Is that doctrine? The Power of the Standard Works
It makes no difference,” stated President Joseph Fielding Smith, “what is written or what anyone has said, if what has been said is in conflict with what the Lord has revealed, we can set it aside. My words, and the teachings of any other member of the Church, high or low, if they do not square with the revelations, we need not accept them. Let us have this matter clear. We have accepted the four standard works as the measuring yardsticks, or balances, by which we measure every man’s doctrine. “You cannot accept the books written by the authorities of the Church as standards in doctrine, only in so far as they accord with the revealed word in the standard works. “Every man who writes is responsible, not the Church, for what he writes. If Joseph Fielding Smith writes something which is out of harmony with the revelations, then every member of the Church is duty bound to reject it. If he writes that which is in perfect harmony with the revealed word of the Lord, then it should be accepted” (Doctrines of Salvation, 3:203-4).
Not every statement made by a Church leader, past or present, necessarily constitutes doctrine. A single statement made by a single leader on a single occasion often represents a personal, though well-considered, opinion, but is not meant to be officially binding for the whole Church. With divine inspiration, the First Presidency (the prophet and his two counselors) and the Quorum of the Twelve Apostles (the second-highest governing body of the Church) counsel together to establish doctrine that is consistently proclaimed in official Church publications. This doctrine resides in the four “standard works” of scripture (the Holy Bible, the Book of Mormon, the Doctrine and Covenants and the Pearl of Great Price), official declarations and proclamations, and the Articles of Faith. (Mormon Newsroom, Approaching Mormon Doctrine)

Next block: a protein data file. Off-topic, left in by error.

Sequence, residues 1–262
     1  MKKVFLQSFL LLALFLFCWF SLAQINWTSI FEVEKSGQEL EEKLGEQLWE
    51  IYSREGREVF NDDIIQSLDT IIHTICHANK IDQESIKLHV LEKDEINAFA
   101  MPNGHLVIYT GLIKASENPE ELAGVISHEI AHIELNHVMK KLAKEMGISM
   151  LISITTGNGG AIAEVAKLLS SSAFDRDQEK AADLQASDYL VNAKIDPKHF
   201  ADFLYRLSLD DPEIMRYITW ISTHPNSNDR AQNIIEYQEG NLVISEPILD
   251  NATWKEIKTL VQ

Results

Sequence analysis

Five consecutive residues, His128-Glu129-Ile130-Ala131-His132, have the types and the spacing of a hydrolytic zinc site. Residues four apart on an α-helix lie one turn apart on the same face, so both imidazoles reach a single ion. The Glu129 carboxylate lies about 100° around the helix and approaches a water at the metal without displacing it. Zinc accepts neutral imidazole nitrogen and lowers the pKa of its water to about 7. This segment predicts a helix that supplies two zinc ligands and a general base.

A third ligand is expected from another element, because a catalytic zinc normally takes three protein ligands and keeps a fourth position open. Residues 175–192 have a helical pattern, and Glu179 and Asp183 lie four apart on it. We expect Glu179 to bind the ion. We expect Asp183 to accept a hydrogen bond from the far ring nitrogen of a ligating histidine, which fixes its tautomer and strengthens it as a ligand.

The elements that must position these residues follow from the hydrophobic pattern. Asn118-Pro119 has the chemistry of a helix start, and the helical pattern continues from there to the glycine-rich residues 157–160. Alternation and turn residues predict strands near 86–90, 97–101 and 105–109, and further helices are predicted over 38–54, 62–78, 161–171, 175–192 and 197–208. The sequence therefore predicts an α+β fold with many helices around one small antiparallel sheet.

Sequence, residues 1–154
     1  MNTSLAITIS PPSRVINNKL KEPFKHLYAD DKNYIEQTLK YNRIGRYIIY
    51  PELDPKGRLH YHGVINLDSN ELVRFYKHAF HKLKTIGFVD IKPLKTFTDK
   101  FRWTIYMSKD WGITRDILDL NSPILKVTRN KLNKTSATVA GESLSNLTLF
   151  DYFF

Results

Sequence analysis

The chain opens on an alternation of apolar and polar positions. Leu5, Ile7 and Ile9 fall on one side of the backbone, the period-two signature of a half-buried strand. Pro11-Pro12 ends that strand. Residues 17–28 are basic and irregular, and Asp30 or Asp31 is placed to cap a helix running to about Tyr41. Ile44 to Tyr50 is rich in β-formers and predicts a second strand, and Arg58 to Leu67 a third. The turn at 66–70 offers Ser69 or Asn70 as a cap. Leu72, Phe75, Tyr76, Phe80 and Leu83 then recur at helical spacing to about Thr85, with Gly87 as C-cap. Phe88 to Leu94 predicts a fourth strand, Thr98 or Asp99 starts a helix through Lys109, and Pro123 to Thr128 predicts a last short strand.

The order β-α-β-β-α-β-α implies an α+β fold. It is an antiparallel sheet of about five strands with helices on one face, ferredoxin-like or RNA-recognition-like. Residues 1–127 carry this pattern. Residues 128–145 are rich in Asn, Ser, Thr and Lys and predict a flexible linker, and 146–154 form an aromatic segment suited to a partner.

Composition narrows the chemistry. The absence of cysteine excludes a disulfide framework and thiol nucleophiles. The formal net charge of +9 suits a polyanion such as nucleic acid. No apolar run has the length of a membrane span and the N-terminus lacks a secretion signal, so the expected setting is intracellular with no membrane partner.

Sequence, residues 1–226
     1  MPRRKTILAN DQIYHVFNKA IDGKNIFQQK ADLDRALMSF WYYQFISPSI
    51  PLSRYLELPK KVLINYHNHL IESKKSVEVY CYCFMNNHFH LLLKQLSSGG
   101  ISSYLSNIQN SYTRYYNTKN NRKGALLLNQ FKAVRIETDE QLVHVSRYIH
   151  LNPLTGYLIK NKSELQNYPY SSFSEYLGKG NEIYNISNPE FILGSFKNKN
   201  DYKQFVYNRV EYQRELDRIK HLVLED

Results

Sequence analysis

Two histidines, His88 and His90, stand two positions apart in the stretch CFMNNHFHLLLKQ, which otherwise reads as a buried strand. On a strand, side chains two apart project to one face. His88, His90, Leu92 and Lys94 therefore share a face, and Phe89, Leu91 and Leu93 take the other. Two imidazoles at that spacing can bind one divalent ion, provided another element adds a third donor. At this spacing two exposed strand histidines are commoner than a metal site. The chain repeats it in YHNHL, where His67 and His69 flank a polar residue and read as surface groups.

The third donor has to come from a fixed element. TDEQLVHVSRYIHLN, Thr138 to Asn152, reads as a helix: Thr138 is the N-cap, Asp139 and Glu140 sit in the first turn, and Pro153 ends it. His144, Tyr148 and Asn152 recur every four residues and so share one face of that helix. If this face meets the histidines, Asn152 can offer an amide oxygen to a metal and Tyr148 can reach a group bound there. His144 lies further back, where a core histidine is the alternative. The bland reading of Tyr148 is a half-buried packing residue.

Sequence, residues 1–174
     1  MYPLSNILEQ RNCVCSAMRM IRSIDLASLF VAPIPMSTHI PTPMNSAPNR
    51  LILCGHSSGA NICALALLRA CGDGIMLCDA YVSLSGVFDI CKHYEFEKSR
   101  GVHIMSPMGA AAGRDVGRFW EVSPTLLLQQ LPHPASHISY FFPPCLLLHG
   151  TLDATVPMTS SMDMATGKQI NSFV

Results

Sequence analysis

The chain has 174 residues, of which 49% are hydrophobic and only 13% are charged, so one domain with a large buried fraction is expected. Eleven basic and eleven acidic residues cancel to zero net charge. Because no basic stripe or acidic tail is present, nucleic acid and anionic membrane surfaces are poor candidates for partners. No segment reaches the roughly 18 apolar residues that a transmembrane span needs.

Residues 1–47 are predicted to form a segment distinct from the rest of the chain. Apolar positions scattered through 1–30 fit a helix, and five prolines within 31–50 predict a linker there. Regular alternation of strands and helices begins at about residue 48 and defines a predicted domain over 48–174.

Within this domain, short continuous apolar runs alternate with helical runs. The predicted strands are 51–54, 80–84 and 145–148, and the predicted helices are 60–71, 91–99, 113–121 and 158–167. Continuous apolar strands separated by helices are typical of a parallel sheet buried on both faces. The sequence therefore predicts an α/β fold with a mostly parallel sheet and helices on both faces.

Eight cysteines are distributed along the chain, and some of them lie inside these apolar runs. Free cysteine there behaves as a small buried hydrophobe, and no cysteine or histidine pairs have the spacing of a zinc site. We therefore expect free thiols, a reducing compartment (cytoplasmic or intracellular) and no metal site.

Teaching the same principle, President Harold B. Lee said: “It is not to be thought that every word spoken by the General Authorities is inspired, or that they are moved upon by the Holy Ghost in everything they [speak] and write. Now you keep that in mind. I don’t care what his position is, if he writes something or speaks something that goes beyond anything that you can find in the standard church works, unless that one be the prophet, seer, and revelator—please note that one exception—you may immediately say, `Well, that is his own idea.’ And if he says something that contradicts what is found in the standard church works (I think that is why we call them `standard’—it is the standard measure of all that men teach), you may know by that same token that it is false, regardless of the position of the man who says it” (“Place of the Living Prophet, Seer and Revelator,” 14).(Joseph Fielding McConkie, Answers: Straightforward Answers to Tough Gospel Questions [Salt Lake City: Deseret Book Co., 1998], 221.)